Vehicle accidents can be confusing experiences for those involved. This is particularly true for any party who sustains an injury or property damage as a result of the incident. The severity of vehicle accidents that occur throughout Arizona varies widely. Some vehicle accidents result in life-threatening injuries, while others result in relatively minor injuries or even no injuries at all. Here, our experienced car accident lawyers want to discuss whether or not a car accident victim can file a lawsuit if they do not sustain any injuries.
The overriding factor when determining whether or not a person should file a lawsuit after a vehicle accident is whether there were any injuries. The reality is that a personal injury lawsuit cannot exist if a victim was not actually harmed.
On that note, we do need to point out that many accident injury signs and symptoms do not appear until days or even weeks after a crash occurs. We always recommend that accident victims seek immediate medical care, even if they do not think they were harmed as a result of the incident. A doctor needs to conduct a complete evaluation of a crash injury victim in order to determine whether or not there are any hidden injuries the victim may not be aware of.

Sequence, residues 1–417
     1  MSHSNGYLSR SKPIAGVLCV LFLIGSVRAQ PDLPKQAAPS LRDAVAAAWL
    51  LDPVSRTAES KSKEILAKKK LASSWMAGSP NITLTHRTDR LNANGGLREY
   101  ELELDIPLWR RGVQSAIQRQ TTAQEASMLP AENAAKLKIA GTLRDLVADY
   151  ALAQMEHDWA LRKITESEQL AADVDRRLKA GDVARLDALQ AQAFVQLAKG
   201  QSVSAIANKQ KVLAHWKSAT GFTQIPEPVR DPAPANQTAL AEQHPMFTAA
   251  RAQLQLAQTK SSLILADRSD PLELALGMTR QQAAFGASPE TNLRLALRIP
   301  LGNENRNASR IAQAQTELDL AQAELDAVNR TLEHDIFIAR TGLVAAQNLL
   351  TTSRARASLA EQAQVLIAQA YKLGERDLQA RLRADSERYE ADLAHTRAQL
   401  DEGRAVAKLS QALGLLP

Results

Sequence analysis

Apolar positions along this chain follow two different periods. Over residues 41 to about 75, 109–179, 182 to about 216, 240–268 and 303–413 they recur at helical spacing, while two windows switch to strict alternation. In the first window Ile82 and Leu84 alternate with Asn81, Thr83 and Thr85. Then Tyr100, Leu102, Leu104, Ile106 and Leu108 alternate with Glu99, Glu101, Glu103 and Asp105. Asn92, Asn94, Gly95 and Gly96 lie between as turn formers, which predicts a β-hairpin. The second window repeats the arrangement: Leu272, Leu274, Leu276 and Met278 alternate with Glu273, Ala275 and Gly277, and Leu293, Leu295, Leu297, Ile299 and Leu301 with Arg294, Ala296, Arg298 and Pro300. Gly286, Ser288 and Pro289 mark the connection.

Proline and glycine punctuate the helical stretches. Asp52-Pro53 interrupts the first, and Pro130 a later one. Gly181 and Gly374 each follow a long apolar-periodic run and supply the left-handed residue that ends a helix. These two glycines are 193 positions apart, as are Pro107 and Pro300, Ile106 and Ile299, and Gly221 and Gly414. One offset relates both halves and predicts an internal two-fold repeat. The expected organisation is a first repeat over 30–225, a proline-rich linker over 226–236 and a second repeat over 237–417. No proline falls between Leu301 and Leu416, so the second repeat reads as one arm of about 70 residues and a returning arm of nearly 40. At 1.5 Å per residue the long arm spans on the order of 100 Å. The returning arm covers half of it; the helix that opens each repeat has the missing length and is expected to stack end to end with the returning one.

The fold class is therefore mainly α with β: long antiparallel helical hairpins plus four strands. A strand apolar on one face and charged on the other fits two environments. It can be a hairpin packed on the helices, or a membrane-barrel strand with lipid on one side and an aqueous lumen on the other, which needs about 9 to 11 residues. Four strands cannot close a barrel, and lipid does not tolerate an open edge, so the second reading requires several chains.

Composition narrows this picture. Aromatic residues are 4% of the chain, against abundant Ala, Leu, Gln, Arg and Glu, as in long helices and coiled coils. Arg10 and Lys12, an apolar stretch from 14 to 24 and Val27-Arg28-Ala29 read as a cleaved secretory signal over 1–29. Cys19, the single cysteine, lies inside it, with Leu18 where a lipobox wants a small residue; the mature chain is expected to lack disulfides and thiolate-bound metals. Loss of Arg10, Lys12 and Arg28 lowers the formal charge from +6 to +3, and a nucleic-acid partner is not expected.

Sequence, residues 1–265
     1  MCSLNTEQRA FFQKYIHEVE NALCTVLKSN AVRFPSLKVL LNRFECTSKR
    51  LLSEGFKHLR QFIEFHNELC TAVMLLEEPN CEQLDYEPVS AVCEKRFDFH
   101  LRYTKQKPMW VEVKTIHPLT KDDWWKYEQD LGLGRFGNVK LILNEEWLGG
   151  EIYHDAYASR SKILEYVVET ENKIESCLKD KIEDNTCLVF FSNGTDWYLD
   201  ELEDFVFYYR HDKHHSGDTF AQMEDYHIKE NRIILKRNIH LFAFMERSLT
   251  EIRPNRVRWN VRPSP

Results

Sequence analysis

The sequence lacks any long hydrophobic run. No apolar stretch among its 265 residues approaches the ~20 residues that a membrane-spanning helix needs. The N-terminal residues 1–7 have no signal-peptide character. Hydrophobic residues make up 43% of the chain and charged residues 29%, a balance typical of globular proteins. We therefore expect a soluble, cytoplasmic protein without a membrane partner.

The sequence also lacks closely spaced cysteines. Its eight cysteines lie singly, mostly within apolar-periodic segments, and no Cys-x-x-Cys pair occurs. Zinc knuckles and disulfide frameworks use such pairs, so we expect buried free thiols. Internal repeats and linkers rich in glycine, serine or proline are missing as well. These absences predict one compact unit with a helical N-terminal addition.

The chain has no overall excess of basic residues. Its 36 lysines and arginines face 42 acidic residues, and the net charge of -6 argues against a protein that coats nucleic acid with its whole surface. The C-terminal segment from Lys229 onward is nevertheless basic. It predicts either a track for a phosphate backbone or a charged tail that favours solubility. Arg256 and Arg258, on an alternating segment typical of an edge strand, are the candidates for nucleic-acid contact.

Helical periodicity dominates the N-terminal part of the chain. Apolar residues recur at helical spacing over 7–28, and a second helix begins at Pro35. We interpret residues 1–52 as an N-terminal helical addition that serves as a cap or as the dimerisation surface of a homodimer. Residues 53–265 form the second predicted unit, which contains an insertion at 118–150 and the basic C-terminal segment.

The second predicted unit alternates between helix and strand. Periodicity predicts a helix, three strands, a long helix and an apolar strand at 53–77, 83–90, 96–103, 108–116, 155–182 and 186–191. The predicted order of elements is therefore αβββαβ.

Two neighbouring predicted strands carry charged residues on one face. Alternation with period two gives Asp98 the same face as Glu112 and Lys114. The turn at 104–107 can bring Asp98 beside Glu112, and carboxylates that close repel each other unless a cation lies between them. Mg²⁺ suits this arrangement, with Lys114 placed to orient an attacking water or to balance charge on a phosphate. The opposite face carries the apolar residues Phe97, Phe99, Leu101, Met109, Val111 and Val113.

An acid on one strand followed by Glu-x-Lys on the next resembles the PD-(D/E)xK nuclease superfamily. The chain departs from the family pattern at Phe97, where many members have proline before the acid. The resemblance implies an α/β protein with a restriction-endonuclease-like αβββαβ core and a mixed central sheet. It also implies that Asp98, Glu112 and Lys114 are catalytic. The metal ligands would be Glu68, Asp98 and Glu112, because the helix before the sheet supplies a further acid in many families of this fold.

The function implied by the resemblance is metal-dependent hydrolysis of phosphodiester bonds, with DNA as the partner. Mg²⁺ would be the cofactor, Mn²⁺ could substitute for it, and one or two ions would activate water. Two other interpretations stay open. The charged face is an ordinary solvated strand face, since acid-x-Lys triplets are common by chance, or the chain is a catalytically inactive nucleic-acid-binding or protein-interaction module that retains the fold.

Under no circumstances should a crash injury victim decide not to pursue a claim until they know whether or not they have any hidden or delayed injuries. If an injury victim speaks to insurance carriers the day after a crash occurs and tells them that they are not injured, it will be very hard to go back and try to secure compensation for any delayed injuries that may appear in the days and weeks that follow.
Even if there are no injuries involved in a crash, a victim may still need to file a lawsuit in order to recover compensation for their property damages. Property damage claims are a way for a crash victim to recover compensation for any damage sustained in an accident caused by another party. Usually, the at-fault party’s insurance carrier will be responsible for paying for these damages.
However, there are times when insurance carriers offer inadequately low settlement offers for property damage. In these cases, a property damage lawsuit can be filed in Arizona civil court. Please understand that there is a time limit involved in these cases. The Arizona property damage statute of limitations is two years from the day the incident occurs. This means that property damage victims have a two-year window with which to file a lawsuit against the alleged negligent party, or they will not be able to recover compensation.
Property damage in these situations includes damage to a vehicle as well as damage to any other property inside of the vehicle when the collision occurs. This can include computers, mobile devices, tablets, glasses, and more.
If you or somebody you care about has sustained property damage as a result of a vehicle accident in Arizona, you may need to seek assistance from an attorney. A Phoenix personal injury lawyer will be able to help handle a property damage claim on your behalf. They can use their resources to fully investigate what happened and help evaluate the total expected losses.